Pop Life: Cannabis not harmful, could help revive ailing economy

David Taintor

I burst into an uncontrollable fit of coughing laughter every time I find another politician advocating pot’s legalization, yet profusely assuring that he himself does not smoke it. Good arguments are made: legalized pot would scoop giant chunks out of the deficit (which continues to rise at $11.1 trillion) (1), not out of users’ brains. Still, it’s as if cannabis is a mere necessary evil in the face of recession, at least in mainstream politics. So, is cannabis like some kind of Agent Orange that is fertile and green?

Until recently, legalization has been sidelined as some overly radical leftist goal, a default tossed in with a slew of other outrageous concepts like attaining true freedom of choice or actually taxing people who have more money than their families could ever spend.

Key in the campaign to ‘legalize it’ is Tom Ammiano, who has made a significant proposition: legalize pot for adult consumption, charge growing fees and tax retailers. It would generate about $1.3 billion in revenue along with countless positive side effects: fewer minor drug offenders in jails, no more sketchy deals and fewer enforcement costs (2). The deal is for California only, but it would be a large step toward nationwide law, considering how politically massive the state is. Federally legalized cannabis would generate an estimated net $14 billion per year (3). That’s in U.S. dollars, not yen.

Yet cannabis contains a sticky stigma, and I’m not sure that it’s still seated directly in the hilariously misguided Reefer Madness or the rest of the conservative politics of the early-to-mid- twentieth century. Plus, it’s not like cannabis is illegal because it’s physically harmful. Saying weed is harmful is a rhetorical riff older than Roger Waters, and the evidence against it is numbered and broad.

Cannabis is illegal truly for social and political reasons. It has nothing to do with health or endangerment. Do your homework.

Even if you’re pro-legalization, you probably don’t see weed in the same light as cigarettes or alcohol. There’s something about legalization that seems strange, as though pot would always be a tool of rebellion. Admit it. Not even the most comfortable user started smoking because they foresaw enjoyment in the occasional joint like it was a pint of beer. People try smoking because it’s a taboo, and it’s exciting. From there, many learn that it’s far less dangerous than both cigarettes and alcohol, and then they start wondering what all the fuss is about.

The other smokers, who eventually quit or “grow out of it,” might later side with the opposing view on cannabis. For them, the plant ought to be nothing more than a dare for kids. The marijuana-leaf-printed tees, the hemp bracelets and the petty paraphernalia don’t become juvenile. They always were juvenile, and sort of funny. Even from the eyes of such people as teenagers, it looked bad to be exposing oneself like that.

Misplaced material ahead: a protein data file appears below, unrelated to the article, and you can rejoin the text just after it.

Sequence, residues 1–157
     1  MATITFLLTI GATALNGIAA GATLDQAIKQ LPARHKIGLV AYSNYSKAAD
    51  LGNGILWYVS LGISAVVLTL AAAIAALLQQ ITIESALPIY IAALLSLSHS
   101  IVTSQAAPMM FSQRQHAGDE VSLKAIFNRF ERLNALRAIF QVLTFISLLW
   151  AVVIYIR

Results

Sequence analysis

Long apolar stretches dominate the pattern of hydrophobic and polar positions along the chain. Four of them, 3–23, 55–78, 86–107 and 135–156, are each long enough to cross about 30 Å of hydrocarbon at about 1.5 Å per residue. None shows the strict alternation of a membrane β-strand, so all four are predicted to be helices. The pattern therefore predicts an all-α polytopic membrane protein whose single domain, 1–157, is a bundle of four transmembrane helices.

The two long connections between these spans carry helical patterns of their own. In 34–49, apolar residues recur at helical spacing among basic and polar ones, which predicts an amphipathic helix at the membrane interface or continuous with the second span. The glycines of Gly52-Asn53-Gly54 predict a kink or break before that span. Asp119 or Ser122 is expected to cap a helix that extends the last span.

Cannabis’ stigma no longer comes directly from the old thought of the 1930s, but it has certainly been allowed to carry over as a standard, albeit in a new shape. We have been making progression, but somewhere in all this ‘enlightenment,’ cannabis was left at the whims of ignorance and


However, I don’t smoke weed. Seriously, I don’t. I never have, and I never will. I’ve never inhaled or been in the same room. In fact, I don’t even know what buds look like. But I agree with legalization. Besides, didn’t you hear? It’s youth’s turn at the wheel. (Disclaimer: do not smoke cannabis before driving.)

1 www.federalbudget.com

2 www.tomammiano.com; Rolling Stone issue 1075

3 The Budgetary Implications of Marijuana Prohibition (paper available at www.prohibitioncosts.org)

My Music Revue:
(Using your brain: AWESOME!) Peter Tosh “Babylon Queendom” – The 1977 studio rehearsal on Youtube = lo-fi gentle giant lanking back and forth over a trench-digging clavichord. Also, Tosh is a riot to hear during the intro interview.

(Glass: OK!) Joao Gilberto Joao – Bossa Nova was cornered, beaten up and robbed of its theory and complexity earlier this decade by American artists like Jack Johnson. Nobody really likes jazz. Right? This compilation disc sits Joao on a cajon, re-thinking some standards by outfitting them with orchestras (the huge arrangements are a slight turnoff for old school fans such as myself). You can pick this one up in McIntyre after I’m done with it.

(DEA take-your-daughter-to-work-day: NO!) Bat for Lashes “Sleep Alone” – While “Glass” and “Daniel” get rightful review as beautiful and true, some popular press talks about this track as if it were the next crack, when it could easily pass as a Bj”rk lame duck from the stash.

Waldbillig is a senior english major, with a creative writing emphasis, and guest columnist for The Spectator. Pop Itself appears in the Showcase section every Monday.